The sun is now past the meridian, meaning it is later than noon and nearer to 2:00 PM. The three poets move upward, and Virgil has Dante ask Statius how it is possible that spirits could look emaciated if they have no corporal body. With this said, Statius explains in detail how God’s love is infused in the embryo’s soul; when God’s inspiration and this early form of the soul mix, we get the human soul. Once someone has died, the soul separates and in the afterlife, can develop a sort of airy body similar to its earthly body. This airy body allows the shades to “feel affections or desires.”
With this, they come to the final terrace, on which a massive flame burns. In the small space where there is no flame, the three walk forward. At this point, Dante notices souls in the flames, crying out examples of chastity: this is the terrace of Lust.
On the terrace of Gluttony, we can see how Virgil and other Latin poets continue to influence Dante’s depiction of the afterlife. The tree, which the gluttonous cannot eat, is reminiscent of the punishment of Tantalus, who was forced to be tempted by fruit in Hades but unable to eat it. This very visible emulation of Latin poets is perfectly placed in a canto in which Dante is listening to two Latin poets discussing “the art of verse.” The narrative of the Purgatorio reveals how Dante himself developed as a poet, listening attentively to the work of earlier poets and integrating it into a medieval, Christian context.
Canto XXIII, revealing the distortions made by hunger on the spirits of the gluttonous, also helps us to better understand the psychology of the penitents in Purgatorio. Rather than regret their punishment, they turn towards it as “a solace,” focused on God as opposed to themselves. This belief in punishment as solace is linked with Christ’s own punishment when Forese mentions Christ’s hunger on the cross in lines 73-75. Indeed, seeing punishment as solace might be considered an eminently Christian ideal.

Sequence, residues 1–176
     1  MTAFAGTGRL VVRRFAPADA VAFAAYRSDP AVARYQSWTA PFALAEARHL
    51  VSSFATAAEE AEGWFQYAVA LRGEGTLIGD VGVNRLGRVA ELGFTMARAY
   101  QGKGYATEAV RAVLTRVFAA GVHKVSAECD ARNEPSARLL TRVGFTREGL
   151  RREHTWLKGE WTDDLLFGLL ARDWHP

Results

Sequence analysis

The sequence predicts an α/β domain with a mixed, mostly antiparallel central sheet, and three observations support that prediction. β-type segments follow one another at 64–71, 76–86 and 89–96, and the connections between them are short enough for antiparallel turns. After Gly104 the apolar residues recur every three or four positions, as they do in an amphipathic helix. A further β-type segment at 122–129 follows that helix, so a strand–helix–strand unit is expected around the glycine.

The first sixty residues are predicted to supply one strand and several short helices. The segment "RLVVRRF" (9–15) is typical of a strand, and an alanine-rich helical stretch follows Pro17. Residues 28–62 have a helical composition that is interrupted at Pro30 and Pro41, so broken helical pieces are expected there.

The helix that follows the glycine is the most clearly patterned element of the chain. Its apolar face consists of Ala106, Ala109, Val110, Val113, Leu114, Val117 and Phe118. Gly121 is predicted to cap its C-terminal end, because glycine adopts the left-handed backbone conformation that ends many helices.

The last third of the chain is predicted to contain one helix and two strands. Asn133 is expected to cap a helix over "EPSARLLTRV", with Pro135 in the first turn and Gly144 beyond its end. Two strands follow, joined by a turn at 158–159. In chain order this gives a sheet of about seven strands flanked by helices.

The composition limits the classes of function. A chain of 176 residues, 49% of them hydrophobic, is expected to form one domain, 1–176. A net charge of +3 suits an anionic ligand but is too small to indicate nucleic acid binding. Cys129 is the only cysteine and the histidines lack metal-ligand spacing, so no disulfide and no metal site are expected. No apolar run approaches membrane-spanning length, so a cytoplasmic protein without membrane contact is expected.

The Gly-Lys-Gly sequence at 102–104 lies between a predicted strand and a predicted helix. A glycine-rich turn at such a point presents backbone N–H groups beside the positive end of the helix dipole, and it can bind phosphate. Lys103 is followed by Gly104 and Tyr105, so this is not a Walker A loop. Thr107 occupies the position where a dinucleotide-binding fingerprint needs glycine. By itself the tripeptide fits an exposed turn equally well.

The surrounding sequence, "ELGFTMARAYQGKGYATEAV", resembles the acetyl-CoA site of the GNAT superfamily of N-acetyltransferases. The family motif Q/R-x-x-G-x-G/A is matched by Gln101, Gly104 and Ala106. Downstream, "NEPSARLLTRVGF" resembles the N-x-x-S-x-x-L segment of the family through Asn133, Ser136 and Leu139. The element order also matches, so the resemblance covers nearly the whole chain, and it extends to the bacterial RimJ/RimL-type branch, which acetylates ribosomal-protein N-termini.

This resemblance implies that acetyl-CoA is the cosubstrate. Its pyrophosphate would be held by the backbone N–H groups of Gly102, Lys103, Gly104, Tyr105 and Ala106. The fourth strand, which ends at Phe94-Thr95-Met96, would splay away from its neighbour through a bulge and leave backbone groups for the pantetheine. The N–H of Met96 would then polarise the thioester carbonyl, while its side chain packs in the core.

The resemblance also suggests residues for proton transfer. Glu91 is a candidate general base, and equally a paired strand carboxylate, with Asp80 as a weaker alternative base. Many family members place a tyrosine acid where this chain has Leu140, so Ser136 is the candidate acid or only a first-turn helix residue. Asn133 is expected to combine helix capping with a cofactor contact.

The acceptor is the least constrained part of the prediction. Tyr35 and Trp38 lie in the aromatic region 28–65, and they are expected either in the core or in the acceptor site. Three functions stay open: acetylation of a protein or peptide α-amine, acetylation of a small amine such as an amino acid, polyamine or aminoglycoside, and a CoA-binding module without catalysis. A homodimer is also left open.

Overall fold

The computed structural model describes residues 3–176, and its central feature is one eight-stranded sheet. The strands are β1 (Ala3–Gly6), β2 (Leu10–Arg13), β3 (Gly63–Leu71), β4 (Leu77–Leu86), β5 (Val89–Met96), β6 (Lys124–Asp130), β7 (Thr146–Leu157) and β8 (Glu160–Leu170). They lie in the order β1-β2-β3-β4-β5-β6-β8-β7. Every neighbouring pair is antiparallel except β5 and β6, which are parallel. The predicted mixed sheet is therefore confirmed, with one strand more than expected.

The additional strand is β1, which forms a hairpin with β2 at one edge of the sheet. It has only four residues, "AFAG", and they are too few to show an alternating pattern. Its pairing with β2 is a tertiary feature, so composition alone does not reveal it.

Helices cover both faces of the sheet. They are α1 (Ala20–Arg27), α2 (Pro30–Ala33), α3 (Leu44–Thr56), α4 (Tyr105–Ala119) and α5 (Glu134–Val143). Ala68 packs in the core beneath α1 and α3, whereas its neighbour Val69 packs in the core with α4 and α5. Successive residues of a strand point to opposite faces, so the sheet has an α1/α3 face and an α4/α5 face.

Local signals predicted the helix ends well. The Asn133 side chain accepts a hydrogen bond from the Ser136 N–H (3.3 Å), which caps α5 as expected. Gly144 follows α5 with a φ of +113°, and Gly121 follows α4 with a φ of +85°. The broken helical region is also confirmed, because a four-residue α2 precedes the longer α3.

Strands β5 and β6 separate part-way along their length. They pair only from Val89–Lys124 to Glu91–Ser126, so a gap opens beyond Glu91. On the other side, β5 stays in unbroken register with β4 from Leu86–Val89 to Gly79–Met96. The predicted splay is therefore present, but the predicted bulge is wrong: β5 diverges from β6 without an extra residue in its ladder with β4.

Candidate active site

At the very end of the twenty-fourth canto, Dante hears someone say “Blessed are they / whom grace so enlightens that appetite / fills not their breasts with gross desires, / but leaves them hungering for what is just.” This final stanza emphasizes how hunger, which produces the sin punished on this terrace, can be transferred onto other, better desires. Whether or not we think it is healthy or ultimately helpful to hold this belief, it importantly reveals how Dante works to use the language of the body, turned towards heavenly things, to depict an ideal life.
Another important aspect of this canto is Dante’s emphasis on his “sweet new style.” Instead of suggesting that this style is prompted by specifically aesthetic concerns, it is motivated by love. As has been shown earlier in the poem, Love, both of God and of Beatrice, motivates much of the Commedia.
In Canto XXV, Dante continues to reveal the multifaceted purposes medieval poetry served. Statius and Dante’s dialogue attends to both the contemporary science and theological debates of his day: through the poem, he combines and works out the problems of both, maintaining the fiction of the poetry while also commenting on contemporary debates.